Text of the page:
The radical new theory that wrinkles actually cause ageing



The wrinkled left side of William McElligott's face after being exposed to the sun

The left side of William McElligott’s face is more wrinkled than the right after being exposed to more sunlight


ON HER 120th birthday, Jeanne Calment – generally regarded as the oldest person ever to have lived – proved she still had her wits about her: “I’ve only got one wrinkle,” she wisecracked, “and I’m sitting on it.” Funny, but untrue. The Frenchwoman was, by then, extremely wrinkly. On the Fitzpatrick Wrinkle Scale, she would have been a shoo-in for the top category, with deep wrinkles and discoloured skin that had lost its elasticity.

Quelle surprise. She may not have been as old as she claimed, but she was at least 97. Anybody who lives to 100 or so can expect the same. Historically, this has been regarded by many as a purely cosmetic problem. Wrinkles, sags and bags are, in some cultures, considered unsightly or an unwanted sign of how old we are. Right or wrong, that has led to a centuries-long battle to fill them in or smooth them over. More recently, however, the war against wrinkles has moved onto a more urgent footing. Aged skin is much worse than young skin at all the vital things it does to help maintain your health.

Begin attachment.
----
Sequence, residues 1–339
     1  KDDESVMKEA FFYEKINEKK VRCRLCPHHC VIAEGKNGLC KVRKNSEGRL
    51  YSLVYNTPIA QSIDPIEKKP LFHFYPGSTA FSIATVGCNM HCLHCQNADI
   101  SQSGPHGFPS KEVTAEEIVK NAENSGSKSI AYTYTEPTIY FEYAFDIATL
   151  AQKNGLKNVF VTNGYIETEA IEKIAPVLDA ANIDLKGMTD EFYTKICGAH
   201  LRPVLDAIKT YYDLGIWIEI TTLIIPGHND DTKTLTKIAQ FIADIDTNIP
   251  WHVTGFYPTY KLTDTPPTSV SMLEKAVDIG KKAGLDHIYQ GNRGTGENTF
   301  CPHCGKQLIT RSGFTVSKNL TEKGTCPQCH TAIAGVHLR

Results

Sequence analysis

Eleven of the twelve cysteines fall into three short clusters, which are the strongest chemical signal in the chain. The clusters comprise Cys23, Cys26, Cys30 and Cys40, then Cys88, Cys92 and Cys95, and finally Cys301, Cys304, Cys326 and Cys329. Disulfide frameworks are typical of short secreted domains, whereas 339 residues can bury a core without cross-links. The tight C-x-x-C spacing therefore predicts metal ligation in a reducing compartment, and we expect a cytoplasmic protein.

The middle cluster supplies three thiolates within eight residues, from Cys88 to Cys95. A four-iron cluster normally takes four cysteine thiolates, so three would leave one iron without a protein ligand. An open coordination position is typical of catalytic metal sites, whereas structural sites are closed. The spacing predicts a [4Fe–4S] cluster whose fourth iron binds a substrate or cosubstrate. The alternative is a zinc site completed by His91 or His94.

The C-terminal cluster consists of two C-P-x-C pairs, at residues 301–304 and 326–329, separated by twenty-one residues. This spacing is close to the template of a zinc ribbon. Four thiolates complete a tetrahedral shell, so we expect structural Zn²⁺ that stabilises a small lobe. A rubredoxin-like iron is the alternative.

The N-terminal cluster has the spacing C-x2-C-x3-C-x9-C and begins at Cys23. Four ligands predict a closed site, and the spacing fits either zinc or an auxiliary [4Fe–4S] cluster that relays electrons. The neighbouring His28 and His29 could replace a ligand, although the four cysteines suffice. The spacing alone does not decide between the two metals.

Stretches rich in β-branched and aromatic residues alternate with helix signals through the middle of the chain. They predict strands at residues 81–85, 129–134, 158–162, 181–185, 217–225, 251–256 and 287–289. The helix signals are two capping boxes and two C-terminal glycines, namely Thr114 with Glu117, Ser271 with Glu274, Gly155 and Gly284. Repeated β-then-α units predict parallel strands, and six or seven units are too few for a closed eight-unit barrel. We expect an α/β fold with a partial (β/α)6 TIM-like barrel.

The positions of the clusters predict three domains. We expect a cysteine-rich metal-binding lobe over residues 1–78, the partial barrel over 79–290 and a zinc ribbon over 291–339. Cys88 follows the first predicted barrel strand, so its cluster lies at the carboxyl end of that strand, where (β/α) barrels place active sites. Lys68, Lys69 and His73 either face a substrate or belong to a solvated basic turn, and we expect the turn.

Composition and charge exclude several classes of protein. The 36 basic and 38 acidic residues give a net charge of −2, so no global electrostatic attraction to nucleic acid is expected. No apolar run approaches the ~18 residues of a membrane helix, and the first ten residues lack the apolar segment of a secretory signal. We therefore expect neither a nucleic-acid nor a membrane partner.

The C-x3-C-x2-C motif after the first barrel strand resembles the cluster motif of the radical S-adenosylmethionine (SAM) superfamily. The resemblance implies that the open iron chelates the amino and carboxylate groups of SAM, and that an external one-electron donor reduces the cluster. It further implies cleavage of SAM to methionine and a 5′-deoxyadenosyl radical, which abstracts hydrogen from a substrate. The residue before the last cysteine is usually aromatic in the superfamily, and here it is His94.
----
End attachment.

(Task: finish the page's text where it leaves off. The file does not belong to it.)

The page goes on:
Moreover, emerging evidence suggests that, as skin ages, it releases a chemical cocktail around the body that could drive premature ageing of other organs. “If your skin is getting older, you are getting older inside, so be careful,” says Cláudia Cavadas at the University of Coimbra, Portugal. In other words, wrinkles may not just be…

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